“…[E]steem others better than himself” (verse 3), is the basic definition of true humility (Romans 12:10; Galatians 5:13; Ephesians 5:21; 1 peter 5:5). Christ is the ultimate example of selfless humility (Matthew 11:29; John 13:12-17).
Commentary from the MacArthur study Bible, notes for Philippians 2:3,5.
Here is a beauty that never decays, as the outward body does. “Gentle” is actually “meek or humble” and “quiet” describes the character of her (a wife’s) action and reaction to her husband and life in general. Such is precious not only to her husband, but also to God.
Commentary from the MacArthur study Bible, notes for 1 Peter 3:4.
This final command found at James 4:10 sums up the preceding nine commands, which mark the truly humble person. “Humble” comes from the word meaning “to make oneself low.” Those conscious of being in the presence of the majestic, infinitely holy God are humble (Isaiah 6:5).
Commentary from the MacArthur study Bible, notes for James 4:10.
What makes an effective servant of Christ is not natural abilities, creativity, or human initiative, but total dependence on Him for both direction and adequacy. God uses those who are weak, humble, submissive, and obedient so that He alone gets the glory.
Commentary from Charles Stanley’s In Touch devotional, February 1, 2018.
Every day we are recipients of one blessing after another. Every morning we see new mercies and rediscover God’s great faithfulness. David Jeremiah’s Pathways Devotional, November 11.
“For these blessings we owe Almighty God, from whom we derive them, and with profound reverence, our most grateful and unceasing acknowledgements.” James Monroe
The Parable of the Pharisee and the Tax Collector:
…because everyone who exalts
himself will be humbled,
but the one who humbles himself
will be exalted.
Obedience to Christ always involves a change of attitude. When we are converted, a battle begins inside us as Satan tries to keep us from changing. I am all too familiar with this part of the journey. Our attitudes powerfully influence our behavior. Which of your attitudes would Jesus highlight as needing change? If you’re having trouble doing right in an area of your life, perhaps you need a change of attitude.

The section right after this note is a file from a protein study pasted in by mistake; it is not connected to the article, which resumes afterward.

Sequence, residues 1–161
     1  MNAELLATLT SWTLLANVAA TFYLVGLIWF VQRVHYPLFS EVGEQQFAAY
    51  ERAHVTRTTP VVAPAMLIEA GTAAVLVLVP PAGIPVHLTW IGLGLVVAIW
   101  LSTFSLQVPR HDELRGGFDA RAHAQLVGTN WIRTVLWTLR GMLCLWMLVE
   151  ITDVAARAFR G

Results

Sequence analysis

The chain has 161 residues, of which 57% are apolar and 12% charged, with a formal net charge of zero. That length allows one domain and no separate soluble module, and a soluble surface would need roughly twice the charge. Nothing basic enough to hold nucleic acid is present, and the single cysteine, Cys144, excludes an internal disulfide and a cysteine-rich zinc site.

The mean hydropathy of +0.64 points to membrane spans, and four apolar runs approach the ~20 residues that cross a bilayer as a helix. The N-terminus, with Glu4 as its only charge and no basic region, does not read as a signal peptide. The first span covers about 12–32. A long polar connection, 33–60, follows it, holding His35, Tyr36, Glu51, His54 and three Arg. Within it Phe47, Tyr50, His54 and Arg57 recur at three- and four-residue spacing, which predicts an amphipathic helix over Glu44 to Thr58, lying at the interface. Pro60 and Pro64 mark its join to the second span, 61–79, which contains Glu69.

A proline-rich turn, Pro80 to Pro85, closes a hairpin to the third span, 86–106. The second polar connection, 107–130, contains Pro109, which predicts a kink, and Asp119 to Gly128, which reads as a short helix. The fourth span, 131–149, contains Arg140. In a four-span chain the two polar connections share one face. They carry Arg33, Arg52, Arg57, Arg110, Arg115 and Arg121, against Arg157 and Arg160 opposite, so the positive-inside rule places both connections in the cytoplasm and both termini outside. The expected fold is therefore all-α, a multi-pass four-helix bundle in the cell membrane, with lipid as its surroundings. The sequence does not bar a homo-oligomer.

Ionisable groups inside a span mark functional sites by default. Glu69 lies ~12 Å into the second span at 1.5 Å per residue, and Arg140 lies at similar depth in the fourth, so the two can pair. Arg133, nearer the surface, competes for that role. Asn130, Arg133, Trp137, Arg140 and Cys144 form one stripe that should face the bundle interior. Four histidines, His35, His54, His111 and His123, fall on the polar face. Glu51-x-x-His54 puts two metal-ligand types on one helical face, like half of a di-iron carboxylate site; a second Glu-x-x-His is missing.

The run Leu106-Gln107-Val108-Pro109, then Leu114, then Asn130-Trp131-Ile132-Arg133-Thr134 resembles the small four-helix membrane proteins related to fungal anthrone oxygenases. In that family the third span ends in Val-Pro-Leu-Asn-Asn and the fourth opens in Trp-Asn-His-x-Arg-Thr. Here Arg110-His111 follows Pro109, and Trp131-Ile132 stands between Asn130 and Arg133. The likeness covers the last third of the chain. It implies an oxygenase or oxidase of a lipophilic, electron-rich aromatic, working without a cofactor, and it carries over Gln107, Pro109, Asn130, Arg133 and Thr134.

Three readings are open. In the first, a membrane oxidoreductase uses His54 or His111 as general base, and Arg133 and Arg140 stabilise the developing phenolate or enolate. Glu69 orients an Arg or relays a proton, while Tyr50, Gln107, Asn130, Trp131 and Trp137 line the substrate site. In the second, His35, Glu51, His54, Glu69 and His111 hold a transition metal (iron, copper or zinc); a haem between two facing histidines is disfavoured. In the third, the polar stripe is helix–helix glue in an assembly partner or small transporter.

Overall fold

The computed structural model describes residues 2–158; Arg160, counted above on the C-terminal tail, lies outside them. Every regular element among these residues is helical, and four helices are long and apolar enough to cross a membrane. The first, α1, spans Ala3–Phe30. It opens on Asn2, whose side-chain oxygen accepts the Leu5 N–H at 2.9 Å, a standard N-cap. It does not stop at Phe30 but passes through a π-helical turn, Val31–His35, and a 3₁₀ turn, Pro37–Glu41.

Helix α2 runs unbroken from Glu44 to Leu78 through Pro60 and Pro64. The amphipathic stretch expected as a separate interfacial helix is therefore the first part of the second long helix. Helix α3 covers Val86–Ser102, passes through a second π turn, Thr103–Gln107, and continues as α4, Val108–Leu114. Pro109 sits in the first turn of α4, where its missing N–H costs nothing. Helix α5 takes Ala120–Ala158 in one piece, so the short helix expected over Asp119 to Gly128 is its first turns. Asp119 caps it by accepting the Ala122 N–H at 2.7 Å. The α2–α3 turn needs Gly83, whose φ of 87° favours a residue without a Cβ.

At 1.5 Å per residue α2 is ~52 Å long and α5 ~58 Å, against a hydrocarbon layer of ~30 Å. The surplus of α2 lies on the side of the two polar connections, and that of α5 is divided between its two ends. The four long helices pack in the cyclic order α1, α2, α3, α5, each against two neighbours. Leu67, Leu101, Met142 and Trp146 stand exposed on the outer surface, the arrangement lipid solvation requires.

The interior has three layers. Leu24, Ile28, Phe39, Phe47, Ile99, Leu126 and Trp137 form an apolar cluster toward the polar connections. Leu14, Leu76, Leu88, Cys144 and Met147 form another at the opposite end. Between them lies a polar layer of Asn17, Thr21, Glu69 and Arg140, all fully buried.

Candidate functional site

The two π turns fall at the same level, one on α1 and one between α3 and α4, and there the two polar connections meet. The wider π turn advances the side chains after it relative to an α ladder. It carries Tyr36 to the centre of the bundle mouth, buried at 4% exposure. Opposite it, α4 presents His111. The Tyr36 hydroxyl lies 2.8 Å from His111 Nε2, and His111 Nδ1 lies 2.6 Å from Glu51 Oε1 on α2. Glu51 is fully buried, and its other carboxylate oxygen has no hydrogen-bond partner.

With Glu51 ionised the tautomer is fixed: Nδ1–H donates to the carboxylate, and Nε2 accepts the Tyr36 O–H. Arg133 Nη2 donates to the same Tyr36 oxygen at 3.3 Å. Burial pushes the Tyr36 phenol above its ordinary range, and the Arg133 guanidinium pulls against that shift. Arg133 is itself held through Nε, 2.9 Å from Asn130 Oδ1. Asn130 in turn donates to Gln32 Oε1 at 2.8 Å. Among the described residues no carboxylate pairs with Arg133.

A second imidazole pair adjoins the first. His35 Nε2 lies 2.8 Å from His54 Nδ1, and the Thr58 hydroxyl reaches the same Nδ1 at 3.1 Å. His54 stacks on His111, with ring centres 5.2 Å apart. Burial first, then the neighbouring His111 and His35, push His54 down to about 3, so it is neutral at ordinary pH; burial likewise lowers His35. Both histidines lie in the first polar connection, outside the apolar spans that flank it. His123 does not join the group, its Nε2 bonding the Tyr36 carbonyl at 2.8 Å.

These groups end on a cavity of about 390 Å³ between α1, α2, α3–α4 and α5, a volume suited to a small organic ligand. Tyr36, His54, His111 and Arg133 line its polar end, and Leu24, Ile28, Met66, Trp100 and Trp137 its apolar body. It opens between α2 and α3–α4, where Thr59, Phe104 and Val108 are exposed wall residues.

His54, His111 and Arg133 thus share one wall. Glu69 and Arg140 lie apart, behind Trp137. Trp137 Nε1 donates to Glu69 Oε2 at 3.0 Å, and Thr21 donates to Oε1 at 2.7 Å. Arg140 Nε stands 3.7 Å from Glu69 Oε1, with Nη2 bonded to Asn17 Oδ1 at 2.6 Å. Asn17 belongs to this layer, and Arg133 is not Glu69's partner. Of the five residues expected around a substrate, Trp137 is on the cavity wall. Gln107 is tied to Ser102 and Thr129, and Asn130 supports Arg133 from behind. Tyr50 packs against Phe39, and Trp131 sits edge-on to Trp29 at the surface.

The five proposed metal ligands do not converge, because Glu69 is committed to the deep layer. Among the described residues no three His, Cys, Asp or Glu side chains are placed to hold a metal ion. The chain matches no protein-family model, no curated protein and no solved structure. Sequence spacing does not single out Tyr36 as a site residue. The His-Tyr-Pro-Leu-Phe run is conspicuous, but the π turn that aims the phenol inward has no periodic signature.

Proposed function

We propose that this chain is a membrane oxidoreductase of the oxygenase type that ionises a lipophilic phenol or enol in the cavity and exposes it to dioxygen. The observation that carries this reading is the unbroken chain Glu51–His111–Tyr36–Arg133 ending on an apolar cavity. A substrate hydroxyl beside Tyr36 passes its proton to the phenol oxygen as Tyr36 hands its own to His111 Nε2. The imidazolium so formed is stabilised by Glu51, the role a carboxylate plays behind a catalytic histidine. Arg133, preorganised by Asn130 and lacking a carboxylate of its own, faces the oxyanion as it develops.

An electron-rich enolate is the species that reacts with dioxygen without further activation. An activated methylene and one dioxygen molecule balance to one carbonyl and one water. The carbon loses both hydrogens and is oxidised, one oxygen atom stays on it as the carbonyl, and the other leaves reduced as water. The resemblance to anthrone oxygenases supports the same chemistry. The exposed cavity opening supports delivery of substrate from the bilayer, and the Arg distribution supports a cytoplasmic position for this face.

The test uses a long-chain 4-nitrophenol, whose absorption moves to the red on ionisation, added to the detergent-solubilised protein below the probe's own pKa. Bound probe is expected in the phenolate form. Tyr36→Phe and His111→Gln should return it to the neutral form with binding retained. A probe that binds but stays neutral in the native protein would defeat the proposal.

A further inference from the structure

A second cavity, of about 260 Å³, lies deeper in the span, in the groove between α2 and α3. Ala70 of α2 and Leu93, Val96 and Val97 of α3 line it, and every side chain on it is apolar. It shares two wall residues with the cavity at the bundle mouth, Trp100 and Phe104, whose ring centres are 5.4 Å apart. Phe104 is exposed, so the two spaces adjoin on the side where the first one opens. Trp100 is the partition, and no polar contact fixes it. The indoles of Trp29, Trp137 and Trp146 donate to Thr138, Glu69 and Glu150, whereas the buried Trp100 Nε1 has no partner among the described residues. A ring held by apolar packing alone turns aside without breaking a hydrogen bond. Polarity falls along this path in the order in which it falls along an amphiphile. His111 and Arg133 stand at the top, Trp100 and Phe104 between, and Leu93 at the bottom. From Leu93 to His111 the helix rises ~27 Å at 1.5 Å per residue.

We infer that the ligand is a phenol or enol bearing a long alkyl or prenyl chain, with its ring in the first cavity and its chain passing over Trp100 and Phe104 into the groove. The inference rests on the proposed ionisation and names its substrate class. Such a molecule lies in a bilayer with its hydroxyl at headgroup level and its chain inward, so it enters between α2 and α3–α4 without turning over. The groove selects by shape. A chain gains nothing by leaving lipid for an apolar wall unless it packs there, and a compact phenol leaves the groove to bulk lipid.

Portions of commentary from The One Year NIV Devotional New Testament.
The first battle between faith and reason took place in the Garden of Eden. Spurred on by the serpent’s lies, Eve began to look at her situation from a purely logical perspective and decided that God was cheating her out of something good. Her faith faltered as “reasonable” thoughts of self-interest filled her mind (Gen. 3:4-6).
I am not saying that the way of faith is never logical, but if we operate only on the basis of reason, a conflict with the Lord is inevitable. That is because His instructions and actions don’t always appear reasonable from a human perspective. Although Isaiah 55:8-9 describes God’s thoughts and ways as higher than man’s, some people believe they know better than He does.
Paul emphasizes this by pointing out that God’s choices can come across as illogical by the world’s standards-His message of salvation seems foolish, and His messengers appear weak and unimpressive (1 Corin. 1:20-21). In an age that thrives on recognition, admiration, and importance, a person who believes the Bible is considered a weakling in need of a religious crutch to cope with life. But God’s Word explains the paradox: Recognizing their helplessness, believers lean on Christ so He can raise them to stand with Him in righteousness.
That day in Eden, sin and self-importance entered the human heart. But all the worldly wisdom that fuels our pride is nullified by God. He is looking not for great and impressive people but for weak, humble servants who can boast only in Christ. The Savior alone is their strength and wisdom.
That is a believer’s great treasure.
Commentary from Charles Stanley’s In Touch Devotional, December 3, 2016.